File No. 18253/18.
The Italian Chargé to the Secretary of State.
Washington, March 21, 1910.
Mr. Secretary of State: In compliance with your excellency’s request, made through Mr. Huntington Wilson, I have the honor to state herein below the proposals submitted by the King’s Government to that of the United States for the recognition of the rights of Italian victims of accidents in the State of Pennsylvania and of the heirs which, in the opinion of the King’s overnment, are undoubtedly conferred upon them by the Italo-American treaty of commerce [Page 663] and navigation of 1871, and have been denied by the judgment rendered by the Supreme Court of the United States in the case of Maiorano v. the Baltimore & Ohio Railroad.
The laws of Pennsylvania of 1851 and 1855 do not include the family of a victim of an accident, even though it should reside outside of the State territory, from the right to bringing suits on account of the accident. This is a matter of true and actual right of inheritance. A denial of that right is not only repugnant to every principle of equity and humanity and would, to a certain extent, induce the industrial establishments to be less careful in protecting the lives of their Italian laborers, but it is contrary to the provisions of our treaty. Italy, where no distinction is made in cases of accident between claimants residing in the Kingdom and those residing abroad, has covenanted with the United States a treaty which guarantees to its citizens the fullest protection in their persons and property, and consequently the liberty of bringing before the courts the pleas and actions which flow from that title. Hence it can not recognize the right of local tribunals to distort and modify the meaning and import of the provisions contained in the treaty itself. The Department of State has itself admitted that it was really the intention of the two contracting parties in concluding the treaty to extend to Italians in the United States the rights enjoyed by American citizens (memorandum of the State Department of Nov. 4, 1909, and of Jan., 1910) in the same manner, anyway, as citizens of the United States have at all times and indiscriminately been accorded equal treatment with the nations of the Kingdom.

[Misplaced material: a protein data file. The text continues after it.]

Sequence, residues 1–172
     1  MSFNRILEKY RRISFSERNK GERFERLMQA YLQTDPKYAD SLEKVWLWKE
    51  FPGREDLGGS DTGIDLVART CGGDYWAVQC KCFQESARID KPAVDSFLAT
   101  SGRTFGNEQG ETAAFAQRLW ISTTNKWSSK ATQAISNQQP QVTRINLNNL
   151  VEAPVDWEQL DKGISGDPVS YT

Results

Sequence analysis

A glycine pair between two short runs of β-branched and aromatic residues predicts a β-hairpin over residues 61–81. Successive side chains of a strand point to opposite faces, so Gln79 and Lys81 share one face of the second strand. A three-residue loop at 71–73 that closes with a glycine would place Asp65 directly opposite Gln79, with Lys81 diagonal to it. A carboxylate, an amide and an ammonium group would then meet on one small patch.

As a remedy to the condition of affairs resulting from the judgments rendered in the Maiorano case, which condition is contrary to the letter and spirit of the treaty, the King’s Government proposes: Either an additional agreement under which it will be made clear that according to the interpolation indisputably put upon article 3 of the treaty of 1871 by the King’s Government, action on account of accidents is open to the relatives of the deceased Italian, even though they may not reside within the territory of the United States, so that no doubt can any longer be entertained by the judicial authorities as to the scope of the said article.
Or an arbitration, as provided by the existing Italo-American convention, for an examination and solution of the controversy born of the Maiorano case.
Inasmuch as the Department of State has already declared in its memorandum of January 12 that it considered the first of these proposals as inadvisable, I would not revert to the subject did I not feel myself authorized by what Mr. Huntington Wilson told me to beg anew your excellency will with your habitual courtesy and well-known benevolence reconsider again the decision that has been reached in the matter.
I have the honor to have recourse to your excellency’s extreme courtesy and to pray that you will be pleased to acquaint me, as soon as it shall have been determined, with the Federal Government’s sentiment in regard to the two propositions above indicated, and I embrace this opportunity, etc.,